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5 consumer technology trends impacting restaurants

5 consumer technology trends impacting restaurants

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Consumers have come to rely on technology to support many areas of their daily lives, and it’s no different during the times they dine out. Here are five tech stats all restaurant operators should know, both to give customers the dining experience they’ve come to expect and to potentially build a more profitable business.

1. Customers expect seamless ordering. According to the National Restaurant Association’s (NRA) 2014 Restaurant Industry Forecast, nearly 40 percent of restaurant customers said they would use an electronic ordering system (like one that relies on iPad menus and interactive wine lists) to place their orders, if given the option. With such “self-service” menus, restaurant owners have opportunities to improve operational efficiency, including reducing the number of servers required to take customer orders, and limiting the amount of wasted inventory and “write-off meals” that occur as a result of miscommunication between the serving staff and the kitchen.

2. They’ll judge you based on your website. Customers use the web to form their expectations of products and places—NRA’s survey reveals that 61 percent of respondents have visited a restaurant’s website. Aside from underscoring the importance of integrating your restaurant’s brand message into its online persona—including featuring appealing imagery of the space, location and, of course, the food—your site allows you to proactively overcome potential hurdles and highlight your competitive advantage. If you specialize in healthier fare, for example, your site can use video and similar multimedia tools to explain how you source and prepare fresh ingredients to maintain nutritional integrity, while inviting the customer into the story to realize its direct and personal benefit.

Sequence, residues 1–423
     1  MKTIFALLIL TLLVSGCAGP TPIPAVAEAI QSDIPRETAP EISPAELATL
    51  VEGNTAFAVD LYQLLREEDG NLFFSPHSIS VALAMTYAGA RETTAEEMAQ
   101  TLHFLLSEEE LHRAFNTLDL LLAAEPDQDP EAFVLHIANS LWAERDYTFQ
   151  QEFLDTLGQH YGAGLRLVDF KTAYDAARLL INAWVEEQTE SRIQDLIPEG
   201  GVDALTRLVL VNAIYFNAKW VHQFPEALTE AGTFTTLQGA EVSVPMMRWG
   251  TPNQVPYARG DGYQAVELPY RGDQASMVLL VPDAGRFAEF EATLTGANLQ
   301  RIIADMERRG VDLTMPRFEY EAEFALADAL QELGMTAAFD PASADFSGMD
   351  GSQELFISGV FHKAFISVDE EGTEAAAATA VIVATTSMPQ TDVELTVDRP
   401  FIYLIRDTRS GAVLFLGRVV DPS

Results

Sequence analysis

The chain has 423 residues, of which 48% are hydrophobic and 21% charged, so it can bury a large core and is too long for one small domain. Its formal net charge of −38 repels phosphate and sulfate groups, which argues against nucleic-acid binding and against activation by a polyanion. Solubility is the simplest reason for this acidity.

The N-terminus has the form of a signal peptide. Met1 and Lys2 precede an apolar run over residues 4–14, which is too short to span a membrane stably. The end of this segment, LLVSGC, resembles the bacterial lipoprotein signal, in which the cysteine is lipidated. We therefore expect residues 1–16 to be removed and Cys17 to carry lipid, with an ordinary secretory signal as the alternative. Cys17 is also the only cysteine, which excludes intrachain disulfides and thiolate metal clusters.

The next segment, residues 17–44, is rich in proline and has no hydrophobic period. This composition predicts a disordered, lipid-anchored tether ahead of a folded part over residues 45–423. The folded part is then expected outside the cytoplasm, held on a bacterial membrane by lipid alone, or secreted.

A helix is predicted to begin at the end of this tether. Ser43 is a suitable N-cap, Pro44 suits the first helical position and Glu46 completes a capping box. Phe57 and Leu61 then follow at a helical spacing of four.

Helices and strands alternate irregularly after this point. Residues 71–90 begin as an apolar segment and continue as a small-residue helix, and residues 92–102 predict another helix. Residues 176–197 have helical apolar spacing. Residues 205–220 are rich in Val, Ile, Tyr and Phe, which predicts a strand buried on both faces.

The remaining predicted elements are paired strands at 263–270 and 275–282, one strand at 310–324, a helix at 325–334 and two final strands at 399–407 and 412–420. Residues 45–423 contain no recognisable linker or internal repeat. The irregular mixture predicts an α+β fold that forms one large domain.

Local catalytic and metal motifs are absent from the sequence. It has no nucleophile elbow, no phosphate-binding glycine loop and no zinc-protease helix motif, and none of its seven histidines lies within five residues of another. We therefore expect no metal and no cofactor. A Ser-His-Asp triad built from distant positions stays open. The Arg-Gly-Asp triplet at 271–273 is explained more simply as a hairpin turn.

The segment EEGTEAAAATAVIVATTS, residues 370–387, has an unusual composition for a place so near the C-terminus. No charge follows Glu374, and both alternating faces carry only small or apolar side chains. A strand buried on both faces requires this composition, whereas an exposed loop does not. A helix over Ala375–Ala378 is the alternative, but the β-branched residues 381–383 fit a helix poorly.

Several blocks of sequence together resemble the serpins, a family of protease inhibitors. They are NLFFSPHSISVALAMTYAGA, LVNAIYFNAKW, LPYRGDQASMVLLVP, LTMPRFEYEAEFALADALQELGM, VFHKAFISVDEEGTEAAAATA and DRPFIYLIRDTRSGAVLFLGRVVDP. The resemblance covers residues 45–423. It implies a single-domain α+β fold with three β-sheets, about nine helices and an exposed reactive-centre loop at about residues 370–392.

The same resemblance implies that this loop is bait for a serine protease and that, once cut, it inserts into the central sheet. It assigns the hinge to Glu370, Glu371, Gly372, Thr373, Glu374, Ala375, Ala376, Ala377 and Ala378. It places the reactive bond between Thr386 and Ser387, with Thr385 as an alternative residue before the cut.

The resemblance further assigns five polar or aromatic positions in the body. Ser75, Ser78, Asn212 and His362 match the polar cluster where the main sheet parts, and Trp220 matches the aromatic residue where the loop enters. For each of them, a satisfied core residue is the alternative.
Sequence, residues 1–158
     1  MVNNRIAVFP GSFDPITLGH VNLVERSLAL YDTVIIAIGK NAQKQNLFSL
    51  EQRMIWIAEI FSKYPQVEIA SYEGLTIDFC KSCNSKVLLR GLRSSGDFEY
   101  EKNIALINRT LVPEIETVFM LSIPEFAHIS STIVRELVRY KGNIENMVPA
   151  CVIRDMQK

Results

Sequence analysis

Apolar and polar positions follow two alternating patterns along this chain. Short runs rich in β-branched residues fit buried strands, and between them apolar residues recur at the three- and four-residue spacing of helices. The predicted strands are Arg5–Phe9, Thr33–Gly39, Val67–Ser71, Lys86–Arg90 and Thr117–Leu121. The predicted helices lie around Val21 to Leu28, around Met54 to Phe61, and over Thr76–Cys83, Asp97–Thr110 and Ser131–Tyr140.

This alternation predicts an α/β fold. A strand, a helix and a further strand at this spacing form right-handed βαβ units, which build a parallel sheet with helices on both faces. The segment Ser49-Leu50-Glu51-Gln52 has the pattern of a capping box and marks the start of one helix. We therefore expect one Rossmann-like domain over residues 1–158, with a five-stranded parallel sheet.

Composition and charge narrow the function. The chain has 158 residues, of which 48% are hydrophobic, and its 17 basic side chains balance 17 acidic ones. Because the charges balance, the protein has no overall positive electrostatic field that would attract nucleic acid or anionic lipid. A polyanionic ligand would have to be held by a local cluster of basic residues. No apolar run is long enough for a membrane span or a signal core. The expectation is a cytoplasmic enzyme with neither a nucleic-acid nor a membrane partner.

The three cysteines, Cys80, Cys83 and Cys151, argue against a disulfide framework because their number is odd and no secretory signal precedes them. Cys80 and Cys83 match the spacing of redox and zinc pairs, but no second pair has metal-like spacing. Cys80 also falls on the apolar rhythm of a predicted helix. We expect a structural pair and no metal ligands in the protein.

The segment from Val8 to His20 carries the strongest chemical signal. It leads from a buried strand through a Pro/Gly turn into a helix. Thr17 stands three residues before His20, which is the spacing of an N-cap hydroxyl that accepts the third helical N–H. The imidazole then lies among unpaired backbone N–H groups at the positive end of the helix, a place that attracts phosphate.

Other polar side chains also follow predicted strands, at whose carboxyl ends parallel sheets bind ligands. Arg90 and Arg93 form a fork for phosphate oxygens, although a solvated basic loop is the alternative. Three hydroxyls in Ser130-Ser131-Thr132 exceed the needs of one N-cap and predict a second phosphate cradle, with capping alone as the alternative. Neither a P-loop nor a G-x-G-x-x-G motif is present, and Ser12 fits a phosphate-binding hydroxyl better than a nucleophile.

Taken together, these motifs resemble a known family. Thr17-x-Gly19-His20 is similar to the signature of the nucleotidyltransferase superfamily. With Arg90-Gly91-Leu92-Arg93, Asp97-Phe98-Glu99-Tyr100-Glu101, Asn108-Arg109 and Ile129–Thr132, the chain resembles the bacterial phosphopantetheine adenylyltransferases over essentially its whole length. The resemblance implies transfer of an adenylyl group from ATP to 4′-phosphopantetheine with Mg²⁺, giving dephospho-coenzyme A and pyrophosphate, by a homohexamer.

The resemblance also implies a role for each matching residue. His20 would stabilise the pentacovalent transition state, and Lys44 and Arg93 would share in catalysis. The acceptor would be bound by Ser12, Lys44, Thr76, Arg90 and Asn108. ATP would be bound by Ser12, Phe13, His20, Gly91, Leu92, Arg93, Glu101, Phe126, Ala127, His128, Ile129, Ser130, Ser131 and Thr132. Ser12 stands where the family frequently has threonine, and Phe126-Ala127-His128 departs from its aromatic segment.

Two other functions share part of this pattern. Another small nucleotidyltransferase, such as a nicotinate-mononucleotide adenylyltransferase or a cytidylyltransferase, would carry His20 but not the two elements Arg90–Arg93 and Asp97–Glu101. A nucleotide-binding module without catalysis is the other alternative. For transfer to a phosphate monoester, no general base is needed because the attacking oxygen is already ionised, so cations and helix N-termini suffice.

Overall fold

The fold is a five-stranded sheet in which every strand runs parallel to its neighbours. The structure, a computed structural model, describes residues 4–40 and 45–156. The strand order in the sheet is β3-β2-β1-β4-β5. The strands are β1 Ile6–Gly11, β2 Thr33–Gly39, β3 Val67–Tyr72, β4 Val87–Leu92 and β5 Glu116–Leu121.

3. Customers want to help reduce wait times. According to an NRA study, 52 percent of consumers said they would use a smartphone or tablet for delivery or takeout if the restaurant offered that option. Last September, for example, McDonald’s announced the testing of a mobile app ordering system, allowing guests to place and pay for orders before stepping into the restaurant. Though offering such capabilities means your front line and back-of-house operations must be airtight to ensure the mobile ordering option delivers on its promise of enhanced convenience, it can help you retain the business of customers who may otherwise leave because the ordering and pick up lines are too long. 

4. Customers want to find usable information on your site. Given that 63 percent of consumers surveyed said they use a computer to view a restaurant’s menus, order food and make reservations online, your site must be just as functional as it is aesthetically appealing. Recent data compiled by Constant Contact and the research firm Chadwick Martin Bailey indicates that restaurants are the most searched industry locations on a smartphone or mobile device, and that 75 percent of survey respondents base their dining decision on whether their search produced the information sought. If your menus cannot be easily viewed and searched on small and large screens, and reflective of real-time information including your specials and pricing, you are not serving the functional needs of tech-dependent customers—and they’ll likely go elsewhere.

5. They are looking for a deal. According to the NRA’s study, 50 percent of consumers surveyed said they would use a restaurant or special deal with a smartphone; the Restaurant Social Media Index indicates that 65 percent of location-based traffic (like “check-ins” on sites like FourSquare or Yelp) comes from restaurants. By dangling a special incentive to save money or get a free appetizer or drink, you can implement a highly relevant, low-cost acquisition strategy that “speaks” to customers in the moment they are looking for a place to dine. Regardless of the type of restaurant you operate, consumers have come to expect that the technology they’ve integrated into every area of their lives can be used to enhance their experience—and dining out is no exception. By taking note of how consumers use technology and adopting operations to reflect these changing preferences, restaurant operators have the opportunity to realize a competitive edge, and even streamline costs and efficiencies.

Kristen Gramigna is chief marketing officer for Chicago-based BluePay, a payment processor that helps businesses accept payments with iPads and other mobile devices.

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